Adding Improvisation to your RPG table
With The End of Time and Other Bothers, we set out to leverage the improvisation techniques you might find at Second City or the Upright Citizens Brigade.
When done well, everyone will think the game play and story was planned out from the beginning, and yet there will be an energy to what you are doing that only comes when everyone is experiencing the thrill of discovery together.
This series of articles will lay out how to go about adding this type of improvisation to your games. We will explore how to use offers, deep character work and listening to discover a story at your table with your players.
This can be a hard concept to fully grasp if you haven’t experienced it. One option is to look for a local improv group or a theatre in your local area that offers drop-in improv nights for beginners or all-levels.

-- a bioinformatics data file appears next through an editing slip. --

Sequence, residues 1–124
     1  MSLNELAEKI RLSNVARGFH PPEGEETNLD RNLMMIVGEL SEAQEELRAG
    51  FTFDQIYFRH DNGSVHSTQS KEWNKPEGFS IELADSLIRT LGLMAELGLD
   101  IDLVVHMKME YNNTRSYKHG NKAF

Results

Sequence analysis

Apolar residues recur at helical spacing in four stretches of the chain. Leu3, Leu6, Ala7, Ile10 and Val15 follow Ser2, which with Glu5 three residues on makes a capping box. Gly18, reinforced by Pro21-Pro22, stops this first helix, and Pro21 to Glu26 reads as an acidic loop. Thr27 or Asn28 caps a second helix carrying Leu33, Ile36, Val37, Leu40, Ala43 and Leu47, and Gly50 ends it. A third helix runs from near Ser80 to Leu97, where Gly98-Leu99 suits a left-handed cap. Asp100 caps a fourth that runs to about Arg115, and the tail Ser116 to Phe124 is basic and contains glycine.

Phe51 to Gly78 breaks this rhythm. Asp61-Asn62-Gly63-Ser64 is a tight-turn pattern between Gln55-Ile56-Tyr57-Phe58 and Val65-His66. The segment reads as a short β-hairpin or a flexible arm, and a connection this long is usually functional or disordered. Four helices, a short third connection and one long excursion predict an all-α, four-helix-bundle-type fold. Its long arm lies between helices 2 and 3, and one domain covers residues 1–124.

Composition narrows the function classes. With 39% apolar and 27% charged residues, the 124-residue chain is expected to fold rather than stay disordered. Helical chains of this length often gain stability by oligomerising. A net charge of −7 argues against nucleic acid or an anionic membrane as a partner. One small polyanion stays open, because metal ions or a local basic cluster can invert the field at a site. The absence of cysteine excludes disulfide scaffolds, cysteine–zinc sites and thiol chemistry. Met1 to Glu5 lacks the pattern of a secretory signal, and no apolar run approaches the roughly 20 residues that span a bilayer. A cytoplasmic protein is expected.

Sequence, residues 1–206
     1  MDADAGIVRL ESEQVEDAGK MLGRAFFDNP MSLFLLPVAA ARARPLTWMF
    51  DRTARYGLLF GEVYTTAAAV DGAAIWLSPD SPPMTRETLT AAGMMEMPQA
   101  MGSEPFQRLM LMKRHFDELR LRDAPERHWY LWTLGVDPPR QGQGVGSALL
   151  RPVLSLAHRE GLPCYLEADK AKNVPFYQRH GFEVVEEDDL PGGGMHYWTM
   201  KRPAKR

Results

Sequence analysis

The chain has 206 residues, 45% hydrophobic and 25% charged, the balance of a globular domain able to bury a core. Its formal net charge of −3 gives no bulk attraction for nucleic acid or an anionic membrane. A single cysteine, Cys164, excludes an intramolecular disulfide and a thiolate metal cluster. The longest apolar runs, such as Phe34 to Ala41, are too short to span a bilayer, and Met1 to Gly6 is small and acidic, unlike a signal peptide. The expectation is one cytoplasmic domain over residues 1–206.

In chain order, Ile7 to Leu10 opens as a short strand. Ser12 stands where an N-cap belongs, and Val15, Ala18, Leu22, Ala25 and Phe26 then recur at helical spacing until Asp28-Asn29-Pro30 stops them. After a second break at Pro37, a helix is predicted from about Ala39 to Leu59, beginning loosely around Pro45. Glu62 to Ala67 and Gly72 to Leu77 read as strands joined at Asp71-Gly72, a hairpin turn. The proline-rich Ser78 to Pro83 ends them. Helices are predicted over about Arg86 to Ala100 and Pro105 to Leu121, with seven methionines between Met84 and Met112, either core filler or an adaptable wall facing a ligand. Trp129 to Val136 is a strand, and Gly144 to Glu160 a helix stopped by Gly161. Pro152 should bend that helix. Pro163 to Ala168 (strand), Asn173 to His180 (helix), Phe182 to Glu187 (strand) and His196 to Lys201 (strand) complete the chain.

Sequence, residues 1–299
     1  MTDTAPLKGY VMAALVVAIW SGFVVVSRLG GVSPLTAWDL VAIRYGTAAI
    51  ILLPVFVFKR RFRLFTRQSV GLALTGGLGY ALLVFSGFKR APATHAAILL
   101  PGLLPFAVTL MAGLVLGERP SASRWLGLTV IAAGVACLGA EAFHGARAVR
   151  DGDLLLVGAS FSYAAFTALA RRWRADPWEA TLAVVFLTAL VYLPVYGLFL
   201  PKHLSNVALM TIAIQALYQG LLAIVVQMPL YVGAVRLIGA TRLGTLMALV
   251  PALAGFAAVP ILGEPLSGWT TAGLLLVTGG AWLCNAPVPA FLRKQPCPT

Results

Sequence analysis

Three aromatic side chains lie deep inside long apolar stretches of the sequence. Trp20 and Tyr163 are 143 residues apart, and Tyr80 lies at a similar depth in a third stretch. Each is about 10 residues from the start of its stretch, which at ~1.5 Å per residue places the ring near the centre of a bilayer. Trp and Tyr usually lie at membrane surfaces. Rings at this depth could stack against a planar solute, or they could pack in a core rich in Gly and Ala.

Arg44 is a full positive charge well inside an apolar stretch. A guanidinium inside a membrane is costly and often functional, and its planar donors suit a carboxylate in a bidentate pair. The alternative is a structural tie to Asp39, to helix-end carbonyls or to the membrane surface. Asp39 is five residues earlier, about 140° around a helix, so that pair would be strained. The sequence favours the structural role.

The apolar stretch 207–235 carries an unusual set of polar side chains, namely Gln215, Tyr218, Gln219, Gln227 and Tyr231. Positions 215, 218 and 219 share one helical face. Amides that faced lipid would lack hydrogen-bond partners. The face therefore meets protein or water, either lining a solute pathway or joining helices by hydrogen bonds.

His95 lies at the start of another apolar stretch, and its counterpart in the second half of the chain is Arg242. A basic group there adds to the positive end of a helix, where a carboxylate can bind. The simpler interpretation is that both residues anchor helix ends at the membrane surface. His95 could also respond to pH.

It also might help to read a deconstruction of a recent episode of our live-play which you can find here on Medium titled: Putting Improv Into Overdrive.
But enough on what it is. Let’s get to the how.
Listen Up and Big Offers
We’re going to start with listening. It’s such an easy thing to write and such a hard thing to do well. And it only works if everyone at the table participates equally and is fully present for what is being created together. And nine times out of ten, it’s us Game Masters who are the culprit.
As a GM, it‘s hard to to stay fully present as we feel like we have to dig up our notes, prepare for the next encounter, look up a rule, and more. But this is a disservice to your table. If someone is talking, turn and do your best to give them your full attention.